With regard to e-mail or storage, cloud computing may be easy, manageable and convincing. It gets more complex in the Hana Enterprise Cloud if SAP wishes to take over the established clientꞌs licenses and offer an all-round carefree package in return for this. Then nothing works without a cloud-exit strategy!
Someone invests in a place of their own and spends fifteen years building a house. The garden is well-tended, the car is in the garage. As time passes, the owner wants to pass care and administration over to a service-provider who takes over the land and the house – but one who demands not only a charge for ongoing care but suddenly rent as well. Sounds crazy but thatꞌs how it is.
With the Hana Enterprise Cloud (HEC), SAP is trying to sell a very aggressive all-round carefree package, also coming to visit us at our premises – it was embarrassing! The new SAP sales strategy is subdivided into product groups: there is a sales team for Enterprise Support, one for on-premise assignments and also for HEC. It’s a disaster because the young ladies and gentlemen doubtless have their training qualification from the university or from the university of applied science, but have hardly any experience of real life. of the SAP community or of established clientsꞌ and partnersꞌ needs.
In the past, the SAP sales consultant was indeed a consultant and partner – now, at best, he is a mouthpiece that knows the current list-prices. History, technology, the community – all this is alien to the young sales consultants. Accordingly, our effort to take an interest in HEC met with no success, of course – it was not even possible to have a productive discussion about cloud computing in general terms. This makes HEC the current damp squib in Walldorf ; I’m not alone in this view – at my SAP discussion-group of regulars, a very similar opinion predominates.
“Purchased software has as much future potential as a VHS cassette”, I noted in my column in June of this year, quoting a London consultant. Perhaps purchased software has no future but whoever owns licenses should not under any circumstances give them up. I have the classic example from a Gartner analyst (cited above): why should anyone invest in licenses for years, build up a stock of owned assets in that way and, at the end, just ꞌgive everything awayꞌ and return to a rental model? No, the land and the house that I have earned and tended to is something I certainly will not voluntarily give up.
The HEC model is thereby a failed one – but perhaps not entirely without purpose. The Gartner analyst referred-to recommends two options for action: firstly to use the available licenses and their maintenance so as to substantially reduce the cloud subscription. Doing this, one would pay around ten percentage points more than the current SAP customer-care fee and would still be whole orders of magnitude below the HEC list prices!
Secondly: before going into the cloud, with or without one’s own licenses, an exit strategy absolutely must be drawn up. There may well be good reasons for cloud computing, but nothing in IT is created for all eternity – some day, one will want to leave the cloud, or need to. Precautions must be taken for this Day X! Unfortunately our SAP is entirely ignoring this aspect – even the dear colleagues at the German users‘ group are scarcely probing into or discussing a possible exit scenario.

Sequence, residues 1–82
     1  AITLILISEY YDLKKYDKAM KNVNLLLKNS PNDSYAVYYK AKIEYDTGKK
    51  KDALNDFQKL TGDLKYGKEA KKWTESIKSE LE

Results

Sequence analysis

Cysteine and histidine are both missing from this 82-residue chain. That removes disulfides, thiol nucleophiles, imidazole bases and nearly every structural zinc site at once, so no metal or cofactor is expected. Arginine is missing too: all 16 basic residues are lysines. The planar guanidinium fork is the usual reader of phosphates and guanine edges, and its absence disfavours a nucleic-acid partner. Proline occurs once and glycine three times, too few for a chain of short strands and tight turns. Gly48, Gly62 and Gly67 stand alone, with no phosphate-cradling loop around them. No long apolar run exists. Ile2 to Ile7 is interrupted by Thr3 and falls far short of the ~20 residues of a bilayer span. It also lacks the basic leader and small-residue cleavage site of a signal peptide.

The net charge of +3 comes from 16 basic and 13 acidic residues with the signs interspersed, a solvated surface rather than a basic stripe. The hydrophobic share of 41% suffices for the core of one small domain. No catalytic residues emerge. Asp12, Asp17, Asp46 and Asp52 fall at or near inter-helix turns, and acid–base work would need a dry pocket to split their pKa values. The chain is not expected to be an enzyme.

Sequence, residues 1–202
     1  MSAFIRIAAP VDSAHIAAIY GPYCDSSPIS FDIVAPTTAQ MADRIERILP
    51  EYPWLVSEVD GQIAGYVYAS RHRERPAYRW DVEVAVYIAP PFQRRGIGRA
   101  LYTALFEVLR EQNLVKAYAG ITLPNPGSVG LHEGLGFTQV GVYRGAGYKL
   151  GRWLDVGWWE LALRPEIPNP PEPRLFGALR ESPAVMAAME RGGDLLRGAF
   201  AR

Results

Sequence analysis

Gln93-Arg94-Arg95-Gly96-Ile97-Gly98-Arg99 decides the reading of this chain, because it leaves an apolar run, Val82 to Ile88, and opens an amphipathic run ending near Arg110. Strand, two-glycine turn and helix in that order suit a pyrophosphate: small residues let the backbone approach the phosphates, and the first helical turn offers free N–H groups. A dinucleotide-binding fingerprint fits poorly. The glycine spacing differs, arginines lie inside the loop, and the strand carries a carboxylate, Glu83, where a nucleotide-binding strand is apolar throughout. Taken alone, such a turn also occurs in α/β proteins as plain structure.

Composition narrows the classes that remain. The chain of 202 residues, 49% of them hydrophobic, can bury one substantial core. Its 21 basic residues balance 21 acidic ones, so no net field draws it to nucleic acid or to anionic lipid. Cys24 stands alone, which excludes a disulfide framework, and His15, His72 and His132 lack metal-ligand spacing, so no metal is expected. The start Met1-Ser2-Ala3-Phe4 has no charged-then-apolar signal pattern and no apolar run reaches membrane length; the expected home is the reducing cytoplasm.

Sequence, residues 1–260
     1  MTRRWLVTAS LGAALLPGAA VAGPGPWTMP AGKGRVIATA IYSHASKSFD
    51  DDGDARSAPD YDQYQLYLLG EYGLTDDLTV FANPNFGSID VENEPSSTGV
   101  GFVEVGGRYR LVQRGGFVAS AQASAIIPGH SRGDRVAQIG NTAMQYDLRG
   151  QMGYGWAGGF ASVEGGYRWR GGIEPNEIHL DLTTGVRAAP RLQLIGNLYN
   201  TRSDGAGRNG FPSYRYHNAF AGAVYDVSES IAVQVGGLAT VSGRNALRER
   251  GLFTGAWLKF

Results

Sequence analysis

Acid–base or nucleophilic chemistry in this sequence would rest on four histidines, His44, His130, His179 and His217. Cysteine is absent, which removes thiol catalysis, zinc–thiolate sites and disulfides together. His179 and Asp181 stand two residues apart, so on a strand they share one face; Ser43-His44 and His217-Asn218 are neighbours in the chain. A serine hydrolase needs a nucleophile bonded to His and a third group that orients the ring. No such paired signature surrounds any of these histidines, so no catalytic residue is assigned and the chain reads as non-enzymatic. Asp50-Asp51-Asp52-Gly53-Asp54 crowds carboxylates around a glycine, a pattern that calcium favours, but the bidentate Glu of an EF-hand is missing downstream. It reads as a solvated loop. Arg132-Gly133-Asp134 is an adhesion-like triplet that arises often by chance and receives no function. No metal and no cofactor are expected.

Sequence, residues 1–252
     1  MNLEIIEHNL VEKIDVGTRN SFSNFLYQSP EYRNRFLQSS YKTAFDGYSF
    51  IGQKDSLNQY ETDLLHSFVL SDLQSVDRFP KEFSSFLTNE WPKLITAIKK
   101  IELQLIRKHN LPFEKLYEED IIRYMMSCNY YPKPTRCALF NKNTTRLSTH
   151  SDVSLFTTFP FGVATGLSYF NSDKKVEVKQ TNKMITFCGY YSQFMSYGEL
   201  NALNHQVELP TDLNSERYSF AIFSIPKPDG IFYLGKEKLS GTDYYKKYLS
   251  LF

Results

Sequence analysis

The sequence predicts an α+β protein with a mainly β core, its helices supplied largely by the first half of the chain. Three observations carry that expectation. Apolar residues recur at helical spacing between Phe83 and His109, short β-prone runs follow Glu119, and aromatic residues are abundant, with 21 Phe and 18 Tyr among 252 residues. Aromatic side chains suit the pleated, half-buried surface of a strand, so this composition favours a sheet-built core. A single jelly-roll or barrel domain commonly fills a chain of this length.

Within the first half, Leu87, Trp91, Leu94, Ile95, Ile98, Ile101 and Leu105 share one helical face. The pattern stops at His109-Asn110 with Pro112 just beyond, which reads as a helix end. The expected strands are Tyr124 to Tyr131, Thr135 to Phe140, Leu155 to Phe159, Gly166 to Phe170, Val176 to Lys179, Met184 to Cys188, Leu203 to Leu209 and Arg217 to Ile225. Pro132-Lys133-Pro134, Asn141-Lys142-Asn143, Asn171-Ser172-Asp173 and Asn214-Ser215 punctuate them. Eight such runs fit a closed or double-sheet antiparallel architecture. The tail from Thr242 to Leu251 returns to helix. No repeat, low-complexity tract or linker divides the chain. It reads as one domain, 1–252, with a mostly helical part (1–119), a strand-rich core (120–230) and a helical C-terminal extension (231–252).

Advice and action are to be had from Gartner, who are already recommending that users dispense with the whole SAP support and release-change and to go to Rimini Street, for instance, as well as that they wait and observe how Walldorf manages the S/4-Hana consolidation.
What’s wrong in Walldorf? It is well enough known that Board member Gerd Oswald is definitely making his departure this summer. Since the start of the year, his designated successor has been the prudent and experienced Michael Kleinemeier. Here most things seem to be arranged and taken care of.
Yet the situation in the technical area is wholly different: with a lot of luck, and with being at the right place at the right time, the former Oswald protégé Bernd Leukert was able not only to advance rapidly into the global Managing Board, but also to inherit the post of Board Member for technology, vacated by the surprising departure of Vishal Sikka, Board Member and CTO. But he was not able to settle and establish himself there!
Now danger is in sight, from Steve Singh: he came to SAP through the takeover of Concur, proved able to position himself quickly and has now got into the SAP board, where he is officially responsible for SAPꞌs new growth areas – whatever SAP boss Bill McDermottꞌs understanding of that term is. At Sapphire this year it became evident where Singh wants to go. He is claiming for himself the entire cloud-computing sphere, including S/4. He is leading the development, defining the concept and the markets.
Conversely Bernd Leukert is reduced to ꞌon-premiseꞌ, Hana and S/4, – these today still generate far greater turnover for SAP; however, in Bill McDermottꞌs view the future is in cloud computing and in the business networks, such as Concur, Ariba, Fieldglass, Hybris, etc. Steve Singh wants to get the clients of Microsoft, Amazon and Google for SAP. At present, no innovative topic appears to SAP to be too small, too complex or to produce too meagre an economic yield. It is solely ꞌHana platformꞌ and ꞌcloud computingꞌ that appear to be absolutely beyond dispute – everything else is up for discussion.
Yet hopefully that cannot be said of the old established customers of R/3, who remain responsible for the Walldorfersꞌ profit.